We don’t know about you, but we worry anytime there is a flight diversion on a Hawaii flight. The cause of the following diversions isn’t clear. The most obvious are mechanical, medical, and passenger issues, as detailed below. This all happened last week, within a 48-hour period, and involved flights between San Diego and Hawaii. As noted below, these issues all occurred on 737-800 aircraft, not the 737MAX-8 associated with the recent Southwest diversions.
The good news is that all flights landed safely, and passengers ultimately got to where they were going. Kudos to Alaska Airlines! This news, however, came as quite a surprise following yesterday’s article about three Southwest Hawaii flight diversions. To have to report on five such diversions in one day is highly unusual.
Were you on any of these three Alaska flights? All diverted within 48 hours over the Pacific.
- Monday, August 8, Alaska Flight 806, from Maui to San Diego. It departed at 2:50 PM and had a flight diversion that took place at close to 2 hours in flight towards the west coast. The flight, onboard a Boeing 737-800, returned to Hawaii, landing at Honolulu. at 5:56 PM. The cause of the problem is unknown.
- Tuesday, August 9, Alaska Flight 9201, from Honolulu to San Diego. Unbelievably, that flight suffered the same flight diversion fate as their prior fight 806. The Boeing 737-800 departed Honolulu at 9:48 AM and returned to Honolulu just shy of three hours later at 11:31 AM. If you notice the unusual flight number 9201, that appears to normally be used when it’s a special flight created by Alaska.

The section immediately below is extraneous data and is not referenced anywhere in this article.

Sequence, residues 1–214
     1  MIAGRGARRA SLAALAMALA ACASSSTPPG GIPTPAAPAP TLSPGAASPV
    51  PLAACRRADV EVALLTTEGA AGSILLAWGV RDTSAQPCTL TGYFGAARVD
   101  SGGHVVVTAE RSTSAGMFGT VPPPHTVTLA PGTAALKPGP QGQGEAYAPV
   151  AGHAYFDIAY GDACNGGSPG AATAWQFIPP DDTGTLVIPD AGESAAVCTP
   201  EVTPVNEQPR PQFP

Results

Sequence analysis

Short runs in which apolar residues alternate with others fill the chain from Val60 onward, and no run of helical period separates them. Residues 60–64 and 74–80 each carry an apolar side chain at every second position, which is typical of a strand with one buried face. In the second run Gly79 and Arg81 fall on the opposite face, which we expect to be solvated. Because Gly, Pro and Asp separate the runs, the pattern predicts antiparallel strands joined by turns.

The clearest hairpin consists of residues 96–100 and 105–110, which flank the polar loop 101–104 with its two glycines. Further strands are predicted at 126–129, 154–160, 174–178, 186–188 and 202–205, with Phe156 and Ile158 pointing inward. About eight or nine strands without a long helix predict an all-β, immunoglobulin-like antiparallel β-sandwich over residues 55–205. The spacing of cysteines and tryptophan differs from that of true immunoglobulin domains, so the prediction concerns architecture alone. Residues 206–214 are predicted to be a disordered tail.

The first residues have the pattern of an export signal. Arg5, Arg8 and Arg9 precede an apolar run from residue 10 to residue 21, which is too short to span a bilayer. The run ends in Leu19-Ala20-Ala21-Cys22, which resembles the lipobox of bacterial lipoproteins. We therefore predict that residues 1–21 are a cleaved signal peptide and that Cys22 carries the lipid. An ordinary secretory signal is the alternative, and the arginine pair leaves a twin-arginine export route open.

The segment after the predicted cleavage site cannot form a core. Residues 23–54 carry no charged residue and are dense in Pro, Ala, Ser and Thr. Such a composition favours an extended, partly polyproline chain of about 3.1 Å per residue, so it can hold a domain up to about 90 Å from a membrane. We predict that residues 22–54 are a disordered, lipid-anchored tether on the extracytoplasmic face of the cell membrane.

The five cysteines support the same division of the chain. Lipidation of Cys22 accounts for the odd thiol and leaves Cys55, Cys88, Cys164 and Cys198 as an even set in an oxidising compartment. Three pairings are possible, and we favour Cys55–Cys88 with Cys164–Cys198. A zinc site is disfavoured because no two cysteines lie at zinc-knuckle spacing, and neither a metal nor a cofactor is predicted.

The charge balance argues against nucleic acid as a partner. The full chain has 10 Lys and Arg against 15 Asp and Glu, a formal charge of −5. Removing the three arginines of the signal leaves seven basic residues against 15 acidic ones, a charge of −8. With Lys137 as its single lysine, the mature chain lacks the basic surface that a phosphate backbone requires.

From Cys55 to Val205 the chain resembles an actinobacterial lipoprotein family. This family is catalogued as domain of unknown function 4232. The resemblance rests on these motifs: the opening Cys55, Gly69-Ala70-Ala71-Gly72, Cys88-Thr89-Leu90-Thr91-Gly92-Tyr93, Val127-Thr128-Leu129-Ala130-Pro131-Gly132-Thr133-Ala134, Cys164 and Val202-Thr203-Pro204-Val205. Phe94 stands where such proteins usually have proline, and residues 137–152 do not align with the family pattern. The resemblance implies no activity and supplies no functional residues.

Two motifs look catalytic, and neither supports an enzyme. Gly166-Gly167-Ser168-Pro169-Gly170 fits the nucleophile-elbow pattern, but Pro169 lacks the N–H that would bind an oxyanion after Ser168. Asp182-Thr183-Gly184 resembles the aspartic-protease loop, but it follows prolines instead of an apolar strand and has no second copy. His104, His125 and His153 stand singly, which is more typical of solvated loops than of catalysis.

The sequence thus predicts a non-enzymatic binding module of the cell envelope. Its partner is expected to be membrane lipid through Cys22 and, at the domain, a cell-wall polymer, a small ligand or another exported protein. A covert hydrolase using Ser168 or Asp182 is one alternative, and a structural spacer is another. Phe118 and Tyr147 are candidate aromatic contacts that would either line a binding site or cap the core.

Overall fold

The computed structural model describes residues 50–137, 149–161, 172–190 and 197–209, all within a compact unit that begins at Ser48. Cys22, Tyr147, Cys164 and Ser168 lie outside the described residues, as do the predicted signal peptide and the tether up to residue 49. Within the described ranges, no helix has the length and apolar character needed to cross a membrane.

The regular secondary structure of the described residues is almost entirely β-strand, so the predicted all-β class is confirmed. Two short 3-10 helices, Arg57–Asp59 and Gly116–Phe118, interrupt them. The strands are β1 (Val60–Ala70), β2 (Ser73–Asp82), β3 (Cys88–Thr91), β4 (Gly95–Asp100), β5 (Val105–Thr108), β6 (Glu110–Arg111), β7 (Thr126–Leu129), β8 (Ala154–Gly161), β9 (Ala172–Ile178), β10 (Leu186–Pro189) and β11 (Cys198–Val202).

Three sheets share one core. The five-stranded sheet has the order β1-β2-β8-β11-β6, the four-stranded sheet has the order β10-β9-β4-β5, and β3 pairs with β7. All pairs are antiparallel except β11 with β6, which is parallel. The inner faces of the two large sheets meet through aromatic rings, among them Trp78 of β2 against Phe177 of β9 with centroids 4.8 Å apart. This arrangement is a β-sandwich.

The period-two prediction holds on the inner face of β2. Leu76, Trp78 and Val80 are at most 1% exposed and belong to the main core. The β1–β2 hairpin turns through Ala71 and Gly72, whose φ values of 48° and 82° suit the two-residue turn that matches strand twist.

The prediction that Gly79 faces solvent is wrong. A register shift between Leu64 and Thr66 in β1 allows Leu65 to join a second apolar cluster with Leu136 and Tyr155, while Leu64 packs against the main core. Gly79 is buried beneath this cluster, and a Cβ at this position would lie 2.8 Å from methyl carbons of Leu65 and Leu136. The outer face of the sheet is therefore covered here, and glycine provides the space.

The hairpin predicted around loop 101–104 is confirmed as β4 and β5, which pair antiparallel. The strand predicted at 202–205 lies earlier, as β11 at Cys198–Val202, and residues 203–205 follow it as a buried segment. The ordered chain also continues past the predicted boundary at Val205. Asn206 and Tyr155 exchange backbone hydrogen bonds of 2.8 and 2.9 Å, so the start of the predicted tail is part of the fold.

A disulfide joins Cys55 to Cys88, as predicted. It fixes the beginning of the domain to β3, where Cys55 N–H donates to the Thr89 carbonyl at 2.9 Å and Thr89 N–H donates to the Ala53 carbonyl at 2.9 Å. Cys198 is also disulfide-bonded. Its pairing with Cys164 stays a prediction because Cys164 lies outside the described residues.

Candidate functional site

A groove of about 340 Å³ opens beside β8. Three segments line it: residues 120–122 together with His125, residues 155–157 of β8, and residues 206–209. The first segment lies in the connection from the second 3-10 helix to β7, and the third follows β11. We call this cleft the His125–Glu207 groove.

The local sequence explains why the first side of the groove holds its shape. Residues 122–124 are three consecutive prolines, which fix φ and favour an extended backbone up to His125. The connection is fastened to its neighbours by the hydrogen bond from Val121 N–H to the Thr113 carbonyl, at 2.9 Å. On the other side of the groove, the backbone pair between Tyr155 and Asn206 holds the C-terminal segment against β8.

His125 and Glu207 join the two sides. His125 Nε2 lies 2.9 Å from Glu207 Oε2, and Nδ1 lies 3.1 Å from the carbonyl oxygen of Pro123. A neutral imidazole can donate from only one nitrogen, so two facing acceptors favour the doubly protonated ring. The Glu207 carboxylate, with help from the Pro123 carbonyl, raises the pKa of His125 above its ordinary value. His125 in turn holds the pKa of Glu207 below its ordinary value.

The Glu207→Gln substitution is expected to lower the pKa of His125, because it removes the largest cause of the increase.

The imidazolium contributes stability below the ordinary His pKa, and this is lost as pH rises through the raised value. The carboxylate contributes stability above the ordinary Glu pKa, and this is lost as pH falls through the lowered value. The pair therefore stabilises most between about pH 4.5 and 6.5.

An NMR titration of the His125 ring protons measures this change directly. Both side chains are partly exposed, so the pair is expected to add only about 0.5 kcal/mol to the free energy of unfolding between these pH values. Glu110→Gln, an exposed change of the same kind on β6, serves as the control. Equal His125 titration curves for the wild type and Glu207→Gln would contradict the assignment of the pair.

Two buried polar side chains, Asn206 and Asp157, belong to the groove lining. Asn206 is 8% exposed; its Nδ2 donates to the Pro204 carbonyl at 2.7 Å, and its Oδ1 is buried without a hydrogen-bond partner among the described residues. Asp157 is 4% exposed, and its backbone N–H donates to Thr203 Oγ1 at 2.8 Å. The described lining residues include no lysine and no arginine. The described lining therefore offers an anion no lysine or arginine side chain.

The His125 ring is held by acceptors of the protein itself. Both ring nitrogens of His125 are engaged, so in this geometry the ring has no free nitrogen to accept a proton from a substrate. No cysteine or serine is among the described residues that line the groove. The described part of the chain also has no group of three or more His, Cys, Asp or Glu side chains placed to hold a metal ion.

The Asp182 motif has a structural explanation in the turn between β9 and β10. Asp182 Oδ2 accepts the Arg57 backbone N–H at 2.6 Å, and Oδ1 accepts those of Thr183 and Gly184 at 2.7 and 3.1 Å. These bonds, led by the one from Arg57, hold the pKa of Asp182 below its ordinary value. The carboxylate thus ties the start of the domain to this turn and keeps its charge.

- Wednesday, August 10, Alaska Flight 895 from San Diego to Honolulu. A flight diversion was called en route, and the 737-800 aircraft returned to San Diego at 1:37 PM, just one hour later.
What causes mid-Pacific Hawaii flight diversions?
We hope to learn more about the cause of last week’s flight diversions. The last thing airlines want to do is to divert an aircraft. It is frightening, it is annoying, and it is expensive. Sometimes, however, circumstances beyond anyone’s control can result in an aircraft diverting to a different airport than the one planned.
When a diversion occurs, the airline will either resume the same flight when the causal issue is resolved or will terminate the flight and either create a new flight (AS9201) or move passengers to other flights.
One of the causes of flight diversions is the weather, and we’ve encountered those ourselves. They are rare, however, on flights to Hawaii. As an example, a flight your editors were traveling on from New York to San Jose made a weather-related diversion and ended up in Boise Idaho due to severe summer storms that prevented the flight from operating normally.
Flight diversions for mechanical reasons.
Sometimes things just break or give the appearance of being broken. That takes on special meaning mid-Pacific, over the world’s longest open ocean flights without a diversion point. So if the flight crew suspects a problem, they will immediately diagnose it and make the determination as to whether it is safer to continue or to turn back. When turning back soon after take-off, fuel can be an issue and may need to be dumped.
Flight diversions for medical issues.
Airlines are both very well equipped and trained to deal with mid-air medical emergencies. In addition, airliners heaving invest in telemedicine to provide the highest possible level of medical evaluation. That is an adjunct or replacement to the question of whether there is a doctor or nurse onboard.
Flight diversions caused by passenger disruptions.
When Hawaii airline passengers are unruly or are deemed to pose a threat to the safety of other passengers and crew, diversion may be indicated.
Planning for a diversion.
Since this can happen at any time, you definitely want to fly prepared. Having everything that you need, including for example, prescription medicines, snacks, and whatever else you deem a necessity, can prove to be very important.
We are always glad to be beyond the halfway point to Hawaii since that assures you that a diversion will not occur. We’ve personally been on board and witnessed many a close call for mechanical and medical reasons, but haven’t actually experienced a mid-Pacific flight diversion. Have you?
Hat tip to BOH regular commenter Jeff L.
Leave a Reply